For the Royally Broke, Megabus is like Cinderella’s pumpkin carriage. It may not be glamorous, but it will get you to a promising destination for cheap. In place of a fairy godmother will probably be a scowling overweight bus driver, and, rather than a prince, passengers will most likely be seated next to a smelly college student or a snoring woman with emphysema.
But the Megabus offers numerous Midwest destinations out of Cleveland and connects with other routes that extend all the way though Canada and the Southern United States. Take these tips to ride like a mega boss, and a summer road trip on the Megabus can be affordable and, maybe to the indefatigable optimist, enjoyable.
Snagging a (really) cheap ticket
Megabus tickets usually do not exceed $50, which is a steal considering it amounts to the cost of about one tank of gas. But for the thriftiest of passengers, frequently checking the Megabus website as if it is a part-time job may be worth it, as only the first few buyers can access the elusive $1 tickets. Bus schedules are released three months at a time. Ticket prices depend on how in-demand seats are, so the earlier you buy, the cheaper tickets will be.
Following Megabus on social media is one way to be notified when a new schedule of tickets comes out. Making a ritual of checking the website every single day is even more foolproof. Those who are serious about getting $1 tickets can remind themselves by making Megabus.com their computer’s homepage.
Comfort is the obvious inclination. But students should consider the possibility of seeing their peers who are headed in the same direction for university breaks. I learned this the hard way, when I thought it best to go braless and ended up running toward the Megabus that was about to depart while my classmates looked down on me—literally—from the top deck of the bus.
Unlike the airport, passengers who look threatening are not investigated; they are rewarded. Everyone wants to sit next to a cute 20-something or a warm looking mom. Shamelessly rocking a dirty or crazed look may score you a set of seats to yourself. If having elbow room sounds appealing, try wearing an offensive T-shirt or growing a few dreadlocks before riding.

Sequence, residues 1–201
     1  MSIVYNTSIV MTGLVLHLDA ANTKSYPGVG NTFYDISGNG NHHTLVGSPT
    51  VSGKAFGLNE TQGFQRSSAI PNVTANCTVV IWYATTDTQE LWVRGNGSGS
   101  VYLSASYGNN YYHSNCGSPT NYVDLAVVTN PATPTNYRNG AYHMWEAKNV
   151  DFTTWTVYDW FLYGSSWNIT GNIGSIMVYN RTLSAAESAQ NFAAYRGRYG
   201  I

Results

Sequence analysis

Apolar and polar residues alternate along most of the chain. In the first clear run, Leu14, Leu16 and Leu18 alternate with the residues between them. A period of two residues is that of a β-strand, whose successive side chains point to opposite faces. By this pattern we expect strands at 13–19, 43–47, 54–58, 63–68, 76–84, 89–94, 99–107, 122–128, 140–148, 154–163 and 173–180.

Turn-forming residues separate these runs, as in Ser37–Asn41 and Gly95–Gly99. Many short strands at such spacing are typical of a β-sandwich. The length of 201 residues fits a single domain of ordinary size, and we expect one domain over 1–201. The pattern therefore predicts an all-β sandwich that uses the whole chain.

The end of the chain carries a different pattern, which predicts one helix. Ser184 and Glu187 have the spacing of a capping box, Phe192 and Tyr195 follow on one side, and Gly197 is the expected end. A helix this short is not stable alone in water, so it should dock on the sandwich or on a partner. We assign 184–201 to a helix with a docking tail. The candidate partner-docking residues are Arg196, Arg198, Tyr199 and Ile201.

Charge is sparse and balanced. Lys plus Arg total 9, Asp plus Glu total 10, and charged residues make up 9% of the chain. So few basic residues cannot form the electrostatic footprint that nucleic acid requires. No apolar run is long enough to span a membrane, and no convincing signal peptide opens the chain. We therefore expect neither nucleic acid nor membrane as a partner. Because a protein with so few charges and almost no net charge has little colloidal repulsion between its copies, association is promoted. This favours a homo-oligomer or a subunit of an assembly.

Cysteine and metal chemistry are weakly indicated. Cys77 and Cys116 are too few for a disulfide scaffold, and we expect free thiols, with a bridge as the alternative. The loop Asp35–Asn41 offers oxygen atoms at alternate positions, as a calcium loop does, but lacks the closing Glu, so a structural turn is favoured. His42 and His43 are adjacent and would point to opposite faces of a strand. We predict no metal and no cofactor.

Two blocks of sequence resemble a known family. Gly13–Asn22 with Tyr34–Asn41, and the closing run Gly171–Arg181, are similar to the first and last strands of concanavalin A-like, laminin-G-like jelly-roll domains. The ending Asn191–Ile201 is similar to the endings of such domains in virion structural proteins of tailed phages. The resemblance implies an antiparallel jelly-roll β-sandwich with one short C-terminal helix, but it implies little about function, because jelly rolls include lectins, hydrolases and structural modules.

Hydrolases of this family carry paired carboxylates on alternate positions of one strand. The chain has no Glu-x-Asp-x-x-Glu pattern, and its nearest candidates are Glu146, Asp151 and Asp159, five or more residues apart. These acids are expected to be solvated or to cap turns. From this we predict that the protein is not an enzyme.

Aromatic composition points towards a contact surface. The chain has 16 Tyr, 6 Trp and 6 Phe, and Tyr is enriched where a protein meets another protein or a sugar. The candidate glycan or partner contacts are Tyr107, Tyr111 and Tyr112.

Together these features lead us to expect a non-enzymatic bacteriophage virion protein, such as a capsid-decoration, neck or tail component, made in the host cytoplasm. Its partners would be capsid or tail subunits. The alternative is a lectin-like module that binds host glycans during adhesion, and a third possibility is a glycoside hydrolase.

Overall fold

A hat is helpful to cover your eyes when sleeping, and uncontrollable temperatures call for layers to pile on and peel off.
Paying customers DO get left on the curb if their luggage is over 50 lbs. or larger than 62 inches when length, width, and height measurements are combined. To take extra luggage, buy an extra ticket.
The one small carry-on policy is not strictly enforced. However, the larger the carry on, the less room there will be to stretch out, as there are no overhead bins on Megabus.
Business people are a rare species on Megabus. This is because people who believe “time is money” are not suited for the laissez-faire lifestyle that Megabus requires.
At best, riding the bus will add two hours to normal drive time. At worst, you will receive a full refund after spending the night at the Stephanie Tubbs Jones Transit Center. (Yes, this has happened to me. I recommend staking out a bench early on because it may end up being your bed. The current issue of Scene can double as a pillow.)
A seasoned Megabus rider will accept delays gracefully. If transferring to a different bus, always leave a few hours—preferably in the daytime—between arrival and departure times to explore the area or get a nice meal at a restaurant. This eliminates the risk of missing the connection if the first bus is behind schedule.